Shouts of ‘Viva Fidel’ rang out across Havana’s Revolution Square last week, as crowds of Cubans gathered to mourn the death of their former leader Fidel Castro, who ruled the island nation for more than half a century. Yet 90 miles across the open ocean, in the district of Miami that has come to be known as Little Havana, the news of Castro’s death was met with celebration. To his supporters, Fidel Castro remains a symbol of freedom and hope for the oppressed. However, for many Cubans, there is an altogether darker legacy synonymous with the Castro regime: that of a dictatorship which continues to deny its citizens key civil, political and human rights.
On the 1st January 1959, rebel groups including the 26th of July Movement, led by Castro, overthrew the ruling Batista government at the Battle of Santa Clara. This was the culmination of multiple guerrilla offensives against the Batista regime which had taken place over the previous five years. The victory was welcomed by many in Cuban society who had suffered under a corrupt and repressive government, which profited from close relationships with criminal networks, such as the American Mafia. As the new government introduced widespread social reforms, improving levels of housing, healthcare and access to education and work for all Cubans, Castro was praised for creating a more equal society. He declared, “We have fought to give democracy and liberty to our people”– and for a while it seemed to be true.
However, the realities of life in Castro’s Cuba paint a rather different picture of the country than that of a land of freedom. Throughout the course of the Castro regime, the Cuban government has continued to practice widespread arbitrary detention of those who oppose the existing political regime and Cuba remains a one-party state which lacks free and fair elections. Furthermore, as reported by Freedom House, independent media is illegal in the country and there is a complete lack of academic freedom. This makes it the only country in the Americas region that has been given the status of not free. The oppressive treatment of political dissenters serves to prevent critique of the regime and those who do are met with swift and harsh punishment. In 2003, 75 dissidents, largely made up of journalists and human rights activists, were rounded up and arrested in what became known as ‘Black Spring’. Many were given long prison sentences and were kept in poor squalid conditions without access to specialist medical treatment.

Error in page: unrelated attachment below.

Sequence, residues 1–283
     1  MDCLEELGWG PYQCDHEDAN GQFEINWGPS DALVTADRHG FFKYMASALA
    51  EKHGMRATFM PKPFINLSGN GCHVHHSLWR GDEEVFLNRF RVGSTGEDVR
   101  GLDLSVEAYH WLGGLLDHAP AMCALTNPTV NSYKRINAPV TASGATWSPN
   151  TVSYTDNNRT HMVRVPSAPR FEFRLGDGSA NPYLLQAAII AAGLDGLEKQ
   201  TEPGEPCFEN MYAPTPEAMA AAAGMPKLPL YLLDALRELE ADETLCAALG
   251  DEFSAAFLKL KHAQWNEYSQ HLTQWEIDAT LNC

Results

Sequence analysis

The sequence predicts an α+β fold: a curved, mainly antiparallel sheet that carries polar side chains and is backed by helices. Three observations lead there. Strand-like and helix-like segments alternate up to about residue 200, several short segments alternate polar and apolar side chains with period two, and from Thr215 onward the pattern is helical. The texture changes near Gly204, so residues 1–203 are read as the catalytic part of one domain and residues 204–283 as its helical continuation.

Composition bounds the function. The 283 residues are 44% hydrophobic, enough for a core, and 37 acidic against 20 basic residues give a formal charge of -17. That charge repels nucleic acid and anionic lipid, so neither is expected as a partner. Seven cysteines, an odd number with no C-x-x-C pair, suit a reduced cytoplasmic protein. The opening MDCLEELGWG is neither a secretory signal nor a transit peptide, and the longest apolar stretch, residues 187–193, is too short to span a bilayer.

Several activist groups in Cuba routinely protest these human rights abuses and are also met with brutal repression by the security apparatus in the country. One such group is the Damas de Blanco, or the Ladies in White. Their ranks are made up of the wives and female relatives of political dissenters who have been jailed and they protest peacefully against the denial of political freedom in the country. In 2015, prior to President Obama’s first visit to Cuba since diplomatic relations between the US and Cuba resumed, many members of the group were gathered up and arrested preemptively to prevent any protests during the President’s visit.
There are some who argue that the death of Fidel Castro, coupled with the reinstatement of diplomatic relations between the US and Cuba, will lead to an improvement in human rights in the country. However, I would argue that there is little evidence to suggest that this will be the case. In reality, power in Cuba has officially been in the hands of Raul Castro, the younger brother of Fidel Castro, since 2008 due to the latter’s ill health. In 2015, the year in which the Cuban Embassy in Washington reopened, 6,200 cases of arbitrary detention were recorded from January to October. This is a significant increase from figures prior to 2012, giving little to suggest that the human rights record will improve while Raul Castro remains in power.
The light at the end of the tunnel is that Raul Castro has said that he will stand down as leader in 2018, potentially opening the political platform to more progressive members of his party. However, if there is to be any improvement in human rights in Cuba, significant political moves must be made to end the systematic and institutionalised repression of key civil and political liberties that are a trademark of a regime that has endured for so long.
Thumbnail Image: Fidel Castro ‘near death’ in 2006 | a-birdie
The views expressed in this article are those of the author and do not necessarily represent the views of Development in Action.
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